The world of business is – in the modern day – constantly evolving. Sure, for some time it seemed as though everything was pretty stale: the boss was at the top of the corporate ladder, and people did their best to clamber up it. But we all spent our time in the same way, looking at those dreadfully boring 90s office walls and waiting until we could clock out and finally escape the 9 ‘til 5 hum of the old photocopier. Was there ever going to be a time when business stopped being about the guy at the top, and started developing in a healthier, happier way for regular employees?
Luckily, this is the case now, and people are beginning to push the boundaries when it comes to what is possible in business. What’s changing, and are you keeping up with the times?
As time goes on, attitudes towards management are changing dramatically. For so long, we’ve been used to a rigid hierarchy within business, and this has always maintained a similar structure. In many millennial-fronted businesses, however, there is a complete overhaul of old-fashioned power relations, and people are experiencing a newfound equal footing.
This is the case within many startups, and even larger businesses. The argument is that micromanagement, and management in general, stifles creativity and productivity, and that the bossless office avoids some of the issues of dehumanization that come with having strict management hierarchies. If you want to keep up with modern business, going bossless may just be the way to go!
Another way in which business is changing is the opportunities for outsourcing. In years gone by, a lot of the necessary work was done in-house, meaning that a business would have to pay to have a full-time member of staff working in any given area. However, this is no longer the case, and outsourcing has become a staple part of many modern businesses and startups.
Whether a business sources staff from a labour hire agency (and as such doesn’t require full-time employees), or looks to external companies for IT management, virtual receptions, or HR management, there are plenty of ways to take a lot of the regular office work out of the office. You can maintain different parts of your business from all over the world with outsourcing!
In the modern day, there is more of an emphasis on equality in business than there has ever been before. Whilst there has, historically, been high levels of workplace sexism and sexual assault, and the number of female managers and CEOs has been limited, this is a glass ceiling that people in business are increasingly making an effort to shatter. The office is – in most cases – no longer dominated by white men, and sexism will not be ignored.
This is also the case with many other forms of inequality, and minority ethnic groups and those of LGBTQI orientation are also fighting for fairer representation within the world of business. Any modern business that wishes to succeed must make a commitment to equality, and to building up a team within the office that represents people from a variety of backgrounds, with a variety of viewpoints.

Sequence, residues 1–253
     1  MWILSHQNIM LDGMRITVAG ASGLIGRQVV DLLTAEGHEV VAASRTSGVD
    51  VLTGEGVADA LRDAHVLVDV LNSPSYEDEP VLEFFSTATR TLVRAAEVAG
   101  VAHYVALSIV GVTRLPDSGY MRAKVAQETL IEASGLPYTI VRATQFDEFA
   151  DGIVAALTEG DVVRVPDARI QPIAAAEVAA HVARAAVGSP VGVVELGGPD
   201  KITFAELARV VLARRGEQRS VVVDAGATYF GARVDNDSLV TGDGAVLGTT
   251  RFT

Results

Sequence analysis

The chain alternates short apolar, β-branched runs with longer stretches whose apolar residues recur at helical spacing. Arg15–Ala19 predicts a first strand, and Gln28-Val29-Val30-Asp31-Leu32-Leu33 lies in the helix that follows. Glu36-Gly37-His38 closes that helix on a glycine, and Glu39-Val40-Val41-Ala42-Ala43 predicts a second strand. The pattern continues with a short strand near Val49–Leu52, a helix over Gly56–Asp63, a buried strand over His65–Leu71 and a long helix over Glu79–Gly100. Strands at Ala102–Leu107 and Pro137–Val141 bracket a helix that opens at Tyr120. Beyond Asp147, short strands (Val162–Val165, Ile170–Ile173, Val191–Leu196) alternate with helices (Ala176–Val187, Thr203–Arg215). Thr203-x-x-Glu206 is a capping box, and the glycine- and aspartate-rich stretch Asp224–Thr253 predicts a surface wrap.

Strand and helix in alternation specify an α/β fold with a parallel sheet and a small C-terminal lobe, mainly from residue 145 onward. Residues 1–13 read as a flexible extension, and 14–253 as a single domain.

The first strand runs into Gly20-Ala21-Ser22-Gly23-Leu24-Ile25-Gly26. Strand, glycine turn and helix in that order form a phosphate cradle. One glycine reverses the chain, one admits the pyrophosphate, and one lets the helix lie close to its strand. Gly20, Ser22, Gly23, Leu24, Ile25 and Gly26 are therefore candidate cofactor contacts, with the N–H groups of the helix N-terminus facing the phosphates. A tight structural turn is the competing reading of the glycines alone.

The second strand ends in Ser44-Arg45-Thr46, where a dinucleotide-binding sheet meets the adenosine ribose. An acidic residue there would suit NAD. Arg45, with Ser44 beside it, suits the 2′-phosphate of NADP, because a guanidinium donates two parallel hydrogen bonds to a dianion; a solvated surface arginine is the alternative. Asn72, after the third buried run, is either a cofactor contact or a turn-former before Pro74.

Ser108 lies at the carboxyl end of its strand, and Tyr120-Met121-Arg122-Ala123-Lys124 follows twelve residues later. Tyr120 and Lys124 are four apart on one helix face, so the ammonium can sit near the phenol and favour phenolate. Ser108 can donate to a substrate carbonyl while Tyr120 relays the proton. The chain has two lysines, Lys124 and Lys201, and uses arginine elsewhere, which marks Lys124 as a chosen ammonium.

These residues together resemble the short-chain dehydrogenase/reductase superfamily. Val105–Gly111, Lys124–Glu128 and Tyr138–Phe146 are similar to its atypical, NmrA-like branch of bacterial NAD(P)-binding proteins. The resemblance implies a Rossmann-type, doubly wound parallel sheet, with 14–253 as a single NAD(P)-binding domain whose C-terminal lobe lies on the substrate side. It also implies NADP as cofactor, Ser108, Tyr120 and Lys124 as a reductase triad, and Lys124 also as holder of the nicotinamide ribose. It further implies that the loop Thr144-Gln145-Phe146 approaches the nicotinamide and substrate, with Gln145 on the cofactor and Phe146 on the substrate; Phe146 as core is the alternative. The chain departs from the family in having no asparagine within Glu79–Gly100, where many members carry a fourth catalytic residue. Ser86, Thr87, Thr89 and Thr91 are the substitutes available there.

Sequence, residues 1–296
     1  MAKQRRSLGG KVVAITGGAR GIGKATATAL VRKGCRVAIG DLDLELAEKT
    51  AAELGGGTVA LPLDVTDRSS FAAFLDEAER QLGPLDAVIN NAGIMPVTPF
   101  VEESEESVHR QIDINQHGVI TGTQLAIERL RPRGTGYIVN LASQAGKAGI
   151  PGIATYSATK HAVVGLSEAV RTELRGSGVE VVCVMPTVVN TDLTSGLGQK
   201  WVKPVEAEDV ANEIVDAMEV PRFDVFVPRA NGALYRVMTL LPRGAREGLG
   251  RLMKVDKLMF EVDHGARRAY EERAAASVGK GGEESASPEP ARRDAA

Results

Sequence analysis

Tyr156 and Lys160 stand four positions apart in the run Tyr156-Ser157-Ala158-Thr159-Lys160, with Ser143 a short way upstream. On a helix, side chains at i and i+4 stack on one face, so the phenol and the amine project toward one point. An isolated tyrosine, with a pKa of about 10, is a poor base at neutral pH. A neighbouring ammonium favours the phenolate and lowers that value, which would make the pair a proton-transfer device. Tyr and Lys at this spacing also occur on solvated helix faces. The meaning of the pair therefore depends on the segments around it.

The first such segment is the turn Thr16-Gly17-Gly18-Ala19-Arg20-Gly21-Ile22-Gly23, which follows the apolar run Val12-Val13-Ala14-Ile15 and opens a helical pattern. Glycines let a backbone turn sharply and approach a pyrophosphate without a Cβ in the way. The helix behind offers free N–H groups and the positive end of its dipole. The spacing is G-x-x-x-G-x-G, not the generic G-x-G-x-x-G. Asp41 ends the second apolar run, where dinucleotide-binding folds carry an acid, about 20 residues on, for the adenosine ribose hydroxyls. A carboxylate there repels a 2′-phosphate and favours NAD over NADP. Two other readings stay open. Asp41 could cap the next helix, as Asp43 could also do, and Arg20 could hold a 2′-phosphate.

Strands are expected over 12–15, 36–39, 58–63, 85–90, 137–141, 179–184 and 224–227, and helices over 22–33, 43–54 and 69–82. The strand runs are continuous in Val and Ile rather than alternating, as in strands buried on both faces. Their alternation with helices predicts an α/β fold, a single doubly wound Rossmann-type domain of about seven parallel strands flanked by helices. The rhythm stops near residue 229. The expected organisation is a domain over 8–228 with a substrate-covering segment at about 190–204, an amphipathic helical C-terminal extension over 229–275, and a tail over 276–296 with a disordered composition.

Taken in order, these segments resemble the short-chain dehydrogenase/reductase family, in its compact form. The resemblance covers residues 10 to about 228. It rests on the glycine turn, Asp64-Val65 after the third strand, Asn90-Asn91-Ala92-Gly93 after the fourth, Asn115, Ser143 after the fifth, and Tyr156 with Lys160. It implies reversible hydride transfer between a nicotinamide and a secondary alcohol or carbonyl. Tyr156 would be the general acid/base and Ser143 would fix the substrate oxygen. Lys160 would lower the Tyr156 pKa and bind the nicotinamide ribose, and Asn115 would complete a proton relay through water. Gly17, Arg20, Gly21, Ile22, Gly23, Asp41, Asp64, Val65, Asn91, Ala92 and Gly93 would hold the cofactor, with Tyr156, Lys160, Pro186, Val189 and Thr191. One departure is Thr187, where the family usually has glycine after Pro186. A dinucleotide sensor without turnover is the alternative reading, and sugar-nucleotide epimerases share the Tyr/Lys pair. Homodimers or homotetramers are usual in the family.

Working from home
For many employees, there is no longer the obligation to spend each and every hour in the office. Whereas businesses of the past have heavily relied upon the physical presence of their workers in the office, the advancement of technology and software means that it is increasingly easy for staff members to work from home instead of making their way into work each weekday.
This is beneficial for many reasons, but primarily, it puts the worker in control of their own productivity, and to an extent, it allows people to manage themselves whilst still producing the necessary work. There is an increased sense of trust between management and their employees, and it also cuts down commuting times, costs, and the notions of hierarchy and micromanagement.
When technology wasn’t the dominating force behind businesses, a company had a certain amount of time and flexibility when it came to rolling out a new product. This meant that there was no real rush to complete it, as the world was not subject to such quick changes as it is now; if you create an app in the modern day, it’s almost a race to get it on the App Store before somebody else bags your idea.
There is the constant threat to modern businesses that products will become obsolete, and that years of hard work will have gone into something, only to render it useless. For those who want to succeed in business now, there is an increasing pressure to stick to tight deadlines, and to ensure that ideas are acted on – and products produced – with immediacy. It’s vital to keep one eye on the clock!
In the past, businesses had to work pretty hard to work out who their target audience was. In fact, it was necessary to get out there onto the street, and to talk to people about their needs, and the kinds of products that they would be interested in buying. There were a few ways to collect data about customers, but there was no way to make a full image of their ever-changing needs.
This is, however, no longer the case. As mentioned in The Economist, ‘the world’s most valuable resource is no longer oil, but data’. It is easier than ever for a business to work out who their customers are, and to target ads at them based upon this. For any modern company, it is important to utilize data about consumers, in order to improve the business (and general connectivity between them and their customers).
Business is always changing, and the old methods of trading are – over time – becoming obsolete. It is no longer commonplace for a business to have a rigid management hierarchy, or for equality to be neglected. Outsourcing and working from home are more popular than ever, and the ways in which we are connected – and the speed at which these things are done – are also changing rapidly. Business is evolving and moving forward. Is yours?